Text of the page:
Booklet Printing

/Booklet Printing

Essential Checklist for Successful Booklet Printing

Companies use booklets for all sorts of purposes, from training materials to marketing tools. Booklet printing can be quite expensive, especially if you’re planning a bulk run, so it’s essential to get everything in order before sending your design off to the printer.

Printing on paper is significantly different from publishing material online, and comes with its own set of challenges. While you can always ask your reliable printing company to help you with your booklet design, it’s often cheaper and simpler to learn the process yourself. It can seem intimidating at the start, but our guide should point you in the right direction with a printing checklist to get you started.

Choose Your Paper Type

The type of paper you choose can have a significant impact on the impression that your booklet makes. Paper types vary in looks, texture, and finish. The kind of paper you choose can even affect how bright and crisp your graphics look, so spend some time examining different paper types before making a final decision.

The three main paper types used in booklet printing are:

  • Gloss: gloss paper has a shiny finish, which works very well for high-resolution photos. It makes colors more vivid and provides a premium feel to the end product.
  • Silk/matte: silk is less shiny than gloss paper, but it still offers a premium texture and smooth finish. It’s the default recommendation for booklets as it provides reliable results for most products. Since it’s less shiny, it’s perfect for text-heavy pages, which can be challenging to […]

Readers Spreads & Printers Spreads, What’s the Difference?

Have you ever wondered what the difference is between readers spreads and printers spreads?

In the printing industry a “spread” is the general term used to describe a pair of facing pages, typically the left and right pages in a publication like a book, magazine or newspaper. Imagine that you’re holding a book or magazine in your hands. Now open the book to any two pages.  You will now be looking at both a left hand and right-hand page at the same time.  Those two individual pages viewed together create a “spread”. However, there are two types of spreads used in printing: a reader’s spread and a printer’s spread.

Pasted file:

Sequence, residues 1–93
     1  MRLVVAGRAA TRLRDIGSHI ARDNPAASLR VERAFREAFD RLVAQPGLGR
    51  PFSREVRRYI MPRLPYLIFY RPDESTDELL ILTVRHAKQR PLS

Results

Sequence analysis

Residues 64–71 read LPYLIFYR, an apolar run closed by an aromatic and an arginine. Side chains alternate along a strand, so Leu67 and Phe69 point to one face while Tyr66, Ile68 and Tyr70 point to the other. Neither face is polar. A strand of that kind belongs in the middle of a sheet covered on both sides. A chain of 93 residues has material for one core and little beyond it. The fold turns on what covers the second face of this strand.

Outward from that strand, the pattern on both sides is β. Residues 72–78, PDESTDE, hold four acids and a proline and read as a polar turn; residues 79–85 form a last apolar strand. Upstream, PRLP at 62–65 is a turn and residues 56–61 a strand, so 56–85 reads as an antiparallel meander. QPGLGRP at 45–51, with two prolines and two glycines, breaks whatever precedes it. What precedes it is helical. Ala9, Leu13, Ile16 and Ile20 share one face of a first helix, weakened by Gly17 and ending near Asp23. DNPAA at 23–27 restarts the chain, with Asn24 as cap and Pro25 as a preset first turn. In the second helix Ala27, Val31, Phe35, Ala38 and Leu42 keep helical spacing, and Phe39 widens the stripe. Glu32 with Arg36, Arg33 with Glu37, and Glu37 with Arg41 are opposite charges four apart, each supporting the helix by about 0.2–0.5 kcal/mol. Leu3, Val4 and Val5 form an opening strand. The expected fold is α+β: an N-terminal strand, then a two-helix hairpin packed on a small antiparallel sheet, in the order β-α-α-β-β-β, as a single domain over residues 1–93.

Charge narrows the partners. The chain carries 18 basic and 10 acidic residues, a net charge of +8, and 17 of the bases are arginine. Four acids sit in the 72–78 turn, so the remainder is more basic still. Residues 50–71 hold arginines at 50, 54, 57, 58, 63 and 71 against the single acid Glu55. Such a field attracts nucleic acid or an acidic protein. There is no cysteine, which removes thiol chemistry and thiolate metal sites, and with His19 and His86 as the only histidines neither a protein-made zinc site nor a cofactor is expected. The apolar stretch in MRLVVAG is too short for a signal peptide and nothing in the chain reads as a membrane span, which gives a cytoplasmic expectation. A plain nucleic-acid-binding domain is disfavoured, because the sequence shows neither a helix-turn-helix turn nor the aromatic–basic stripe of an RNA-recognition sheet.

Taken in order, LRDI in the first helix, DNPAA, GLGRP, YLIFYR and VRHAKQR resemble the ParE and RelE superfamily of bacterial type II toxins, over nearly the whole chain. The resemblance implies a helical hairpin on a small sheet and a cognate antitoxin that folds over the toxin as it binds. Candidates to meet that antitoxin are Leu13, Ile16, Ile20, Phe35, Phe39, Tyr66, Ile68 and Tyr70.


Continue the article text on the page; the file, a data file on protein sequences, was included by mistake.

Reader Spreads

The order in which you would read the pages of a book in their natural order from first to last is known as a reader’s spread. For example, page 1, 2/3, 4/5, 6/7 and so on is a reader’s spread. And when you are designing a multipage book in InDesign (or another page layout program), and you have your layout set for “facing pages”, you will see the left hand and right-hand pages side by side. Again, this is considered a “reader spread”.

Printer Spreads

Printer spreads are not in consecutive page order, they are in proper order so that when the document is printed, trimmed and assembled all the pages appear in the proper order. Printer spreads are the 2 pages that end up side by side on an imposition. It should be noted that the way the printers spread gets […]

What Are The Binding Options in Commercial Printing?

Often when we talk with customers, we find that they often ask the question, “what type of binding is best for my booklet”. So today we’re going to outline the types of booklet binding that is available for any printed piece. We’ll also talk about which type of printed piece each type of binding is suited for.

Saddle Stitched Binding

In the commercial printing industry Saddle Stitching refers to a type of binding where printed “spreads” are stapled in the spine and then folded. A example would be the common magazines (Time magazine, People magazine, etc.) that you would find at the supermarket check out isle. A machine known as a booklet maker gathers all the sheets in sequential order, then places two staples in the middle of the document, folds it and then trims the edges of the booklet for a clean look.

Saddle StitchingTo produce an 8.5”x11” booklet the printer would print 11”x17” “spreads” which contain a total of 4 pages on them (2 on the front side and 2 on the backside). For this reason, saddle stitched booklets must always have a total number of pages that is divisible by 4. To bind a saddle stitched book the booklet maker machines gathers all the spreads and then they are then stapled, folded in half and trimmed to end up with the 8.5”x11” finished booklet.

There is a limit to the number of pages that can be Saddle Stitched […]

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